Brussels - The European Commission has formally warned Italy that its budget plans for 2019 are a serious concern, launching a high-stakes process that could see Rome hit with unprecedented sanctions for breaking commitments to Brussels on its budget.
The process is complicated and could potentially drag on to next summer, with some northern eurozone members such as the Netherlands and Finland eager to see Brussels get tough.
But with European elections fast approaching and support for populist and eurosceptic parties on the rise, the commission is also under political pressure to again show flexibility.
Here are some key ideas to understanding the EU's labyrinthine budget process:
- It's the debt... -
In 2013 during the heat of the crisis, the commission, the EU's executive arm, was handed new powers to enforce budgetary discipline in the eurozone through fines and a right of veto.
At the heart of the concerns is Italy's public debt, which amounts to a jaw-dropping 2.3 trillion euros.
This represents some 131 percent of Gross Domestic Product (GDP), the biggest rate in the eurozone after Greece.
That ratio is more than double the 60 percent of GDP limit set by European rules and above the eurozone average, which stands at around 86.5 percent of GDP.
Brussels has demanded Italy cut spending and reduce its public deficit in order to pare down the debt pile.
But on October 3 the Italian government irked Brussels and provoked the markets by tabling a draft budget that boosted overall spending instead of cutting it and forecasted a public deficit of 2.4 percent of GDP in 2019.
Italy's deficit itself is not problematic: it has been below the EU's three percent of GDP ceiling since 2015 and in 2018, it should be 1.7 percent.
The key piece of data for Brussels is the so-called structural effort, a technical term for long-term reforms such as pension cuts and labour laws on hiring and firing.
Further angering Brussels, Rome has decided to reverse course on these tough reforms, vowing to increase spending instead.
- Italy's 'unprecedented' budget -
The overshoot is "unprecedented in the history of the Stability and Growth Pact," the commission sad in its warning to Rome, giving the government until 1000 GMT on Monday to respond.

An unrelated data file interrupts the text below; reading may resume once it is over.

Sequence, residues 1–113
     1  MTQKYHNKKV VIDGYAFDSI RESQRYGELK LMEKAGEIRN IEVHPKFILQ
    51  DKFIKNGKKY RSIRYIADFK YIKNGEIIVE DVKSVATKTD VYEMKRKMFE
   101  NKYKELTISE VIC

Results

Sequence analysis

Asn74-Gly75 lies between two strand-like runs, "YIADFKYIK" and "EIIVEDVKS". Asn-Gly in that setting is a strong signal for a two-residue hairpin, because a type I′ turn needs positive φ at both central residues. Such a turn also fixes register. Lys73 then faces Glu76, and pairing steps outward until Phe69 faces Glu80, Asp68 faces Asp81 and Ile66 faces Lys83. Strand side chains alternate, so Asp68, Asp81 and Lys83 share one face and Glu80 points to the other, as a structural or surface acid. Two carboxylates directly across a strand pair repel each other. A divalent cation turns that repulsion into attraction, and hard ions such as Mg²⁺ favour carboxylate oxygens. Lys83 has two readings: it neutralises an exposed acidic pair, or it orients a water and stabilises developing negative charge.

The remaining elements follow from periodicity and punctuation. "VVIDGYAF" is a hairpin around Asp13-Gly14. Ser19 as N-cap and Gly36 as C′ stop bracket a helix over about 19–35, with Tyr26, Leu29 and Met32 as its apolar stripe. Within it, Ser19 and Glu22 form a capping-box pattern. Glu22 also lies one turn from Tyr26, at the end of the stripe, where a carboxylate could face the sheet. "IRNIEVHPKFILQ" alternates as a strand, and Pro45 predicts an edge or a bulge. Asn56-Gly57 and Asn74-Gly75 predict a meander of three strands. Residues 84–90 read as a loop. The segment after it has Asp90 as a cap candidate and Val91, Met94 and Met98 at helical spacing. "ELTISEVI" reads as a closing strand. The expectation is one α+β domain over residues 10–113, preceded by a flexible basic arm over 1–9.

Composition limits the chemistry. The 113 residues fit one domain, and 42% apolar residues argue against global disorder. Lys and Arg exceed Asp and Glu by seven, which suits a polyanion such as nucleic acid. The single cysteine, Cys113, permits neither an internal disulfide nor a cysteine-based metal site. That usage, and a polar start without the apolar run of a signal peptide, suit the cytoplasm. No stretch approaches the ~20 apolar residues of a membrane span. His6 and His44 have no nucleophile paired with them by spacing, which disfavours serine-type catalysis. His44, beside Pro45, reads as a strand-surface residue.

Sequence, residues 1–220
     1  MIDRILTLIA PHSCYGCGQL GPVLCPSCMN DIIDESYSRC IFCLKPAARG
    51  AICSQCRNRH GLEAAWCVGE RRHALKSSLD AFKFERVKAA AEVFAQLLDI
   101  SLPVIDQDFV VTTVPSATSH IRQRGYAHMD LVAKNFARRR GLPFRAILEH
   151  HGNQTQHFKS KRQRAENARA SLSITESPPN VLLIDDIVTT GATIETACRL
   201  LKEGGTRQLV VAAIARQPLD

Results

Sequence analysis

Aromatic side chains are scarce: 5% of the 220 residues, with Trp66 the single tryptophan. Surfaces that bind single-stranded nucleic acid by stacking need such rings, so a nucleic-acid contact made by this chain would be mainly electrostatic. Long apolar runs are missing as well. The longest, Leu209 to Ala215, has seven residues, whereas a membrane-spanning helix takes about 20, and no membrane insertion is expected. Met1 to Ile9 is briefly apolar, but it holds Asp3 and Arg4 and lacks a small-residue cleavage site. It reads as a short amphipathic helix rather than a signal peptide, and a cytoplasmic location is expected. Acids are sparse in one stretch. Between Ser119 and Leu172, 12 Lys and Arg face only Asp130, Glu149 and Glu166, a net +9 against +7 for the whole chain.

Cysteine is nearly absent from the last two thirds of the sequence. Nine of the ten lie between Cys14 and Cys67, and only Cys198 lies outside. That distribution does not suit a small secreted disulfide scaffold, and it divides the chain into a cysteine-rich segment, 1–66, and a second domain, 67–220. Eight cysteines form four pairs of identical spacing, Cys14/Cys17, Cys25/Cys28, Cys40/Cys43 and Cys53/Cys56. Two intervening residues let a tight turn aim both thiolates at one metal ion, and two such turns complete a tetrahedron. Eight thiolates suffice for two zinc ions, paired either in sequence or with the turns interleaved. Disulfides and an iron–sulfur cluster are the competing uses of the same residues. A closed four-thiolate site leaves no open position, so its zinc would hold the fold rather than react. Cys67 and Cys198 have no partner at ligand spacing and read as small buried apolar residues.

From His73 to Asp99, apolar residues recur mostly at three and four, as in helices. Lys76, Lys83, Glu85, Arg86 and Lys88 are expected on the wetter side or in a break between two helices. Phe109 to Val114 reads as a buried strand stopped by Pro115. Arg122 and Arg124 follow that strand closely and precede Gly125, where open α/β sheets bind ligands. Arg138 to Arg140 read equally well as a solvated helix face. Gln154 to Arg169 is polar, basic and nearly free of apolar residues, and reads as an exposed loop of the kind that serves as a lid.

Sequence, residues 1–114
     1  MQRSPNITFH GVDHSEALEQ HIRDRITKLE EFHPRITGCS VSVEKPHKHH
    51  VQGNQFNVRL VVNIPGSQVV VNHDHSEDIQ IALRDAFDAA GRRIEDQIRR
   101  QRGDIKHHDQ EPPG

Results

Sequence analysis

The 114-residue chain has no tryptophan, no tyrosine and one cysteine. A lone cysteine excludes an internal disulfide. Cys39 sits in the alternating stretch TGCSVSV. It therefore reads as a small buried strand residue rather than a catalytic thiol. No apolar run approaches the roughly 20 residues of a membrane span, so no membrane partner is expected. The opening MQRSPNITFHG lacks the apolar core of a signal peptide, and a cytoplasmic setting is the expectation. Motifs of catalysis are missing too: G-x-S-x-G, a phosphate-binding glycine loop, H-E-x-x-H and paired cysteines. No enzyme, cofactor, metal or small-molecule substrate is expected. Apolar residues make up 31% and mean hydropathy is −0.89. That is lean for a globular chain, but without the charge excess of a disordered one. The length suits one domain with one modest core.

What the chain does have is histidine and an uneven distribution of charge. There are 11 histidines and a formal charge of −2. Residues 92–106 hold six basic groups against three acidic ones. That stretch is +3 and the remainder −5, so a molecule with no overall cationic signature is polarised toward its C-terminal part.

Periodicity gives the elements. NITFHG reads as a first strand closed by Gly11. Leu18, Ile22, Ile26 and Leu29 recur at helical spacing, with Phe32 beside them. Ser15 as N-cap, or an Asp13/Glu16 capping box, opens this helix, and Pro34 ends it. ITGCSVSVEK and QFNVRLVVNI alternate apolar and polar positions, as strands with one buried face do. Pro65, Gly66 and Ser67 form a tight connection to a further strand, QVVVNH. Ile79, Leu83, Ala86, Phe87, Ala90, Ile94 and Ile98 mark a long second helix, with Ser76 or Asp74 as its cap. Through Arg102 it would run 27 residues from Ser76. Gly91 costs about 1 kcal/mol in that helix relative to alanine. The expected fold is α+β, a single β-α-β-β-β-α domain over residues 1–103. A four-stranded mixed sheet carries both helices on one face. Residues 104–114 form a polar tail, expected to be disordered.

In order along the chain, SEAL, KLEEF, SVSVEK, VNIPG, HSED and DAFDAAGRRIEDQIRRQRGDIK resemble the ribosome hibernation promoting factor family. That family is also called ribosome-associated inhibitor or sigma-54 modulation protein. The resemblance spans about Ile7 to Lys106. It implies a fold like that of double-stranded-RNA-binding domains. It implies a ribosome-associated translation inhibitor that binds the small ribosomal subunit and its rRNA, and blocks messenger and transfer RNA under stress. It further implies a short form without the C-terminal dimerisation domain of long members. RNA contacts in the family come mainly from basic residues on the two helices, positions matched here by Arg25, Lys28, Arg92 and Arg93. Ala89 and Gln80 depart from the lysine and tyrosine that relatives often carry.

If left unsatisfied the commission can then formally reject the budget and ask Italy to deliver a new plan in three weeks.
If Rome remains defiant, then Brussels, backed by the ministers, can open an "excessive deficit procedure" which could theoretically lead the way to financial sanctions.
The 19 eurozone finance ministers then meet on December 3 and will give their verdict, based on the commission recommendation.
The EU could also delay their response and ask for still more information from Rome, throwing the fight until well into next year.
Based on EU law, these can go up to 0.2 percent of a nation's annual economic output, about 3.4 billion euros for Italy.
Since the process was created in 2013, bad students have so far escaped financial sanctions.
- 'Rules not stupid' -
For Economic Affairs Commissioner Pierre Moscovici, "the rules are not stupid" and should "be flexible and adapt to situations."
France is the most controversial escapee, after slipping by for nine years with a public deficit above the 3 percent of GDP limit.
Brussels repeatedly issued angry warnings, but Paris was never punished, drawing bitter criticism from balanced budget sticklers, such as Germany and the Netherlands.
Similarly, Spain and Portugal avoided fines in 2016 despite public deficits well beyond the limits.
But in the end, even if Brussels shirks from playing the enforcer, the markets could.
Traders, as well as the Italian government, are braced for the opinions of credit ratings agencies within the coming weeks.
Downgrades could accelerate a flight of investors away from Italian debt, thus sending the government's borrowing rates soaring and threatening the country with a default.
By Alex Pigman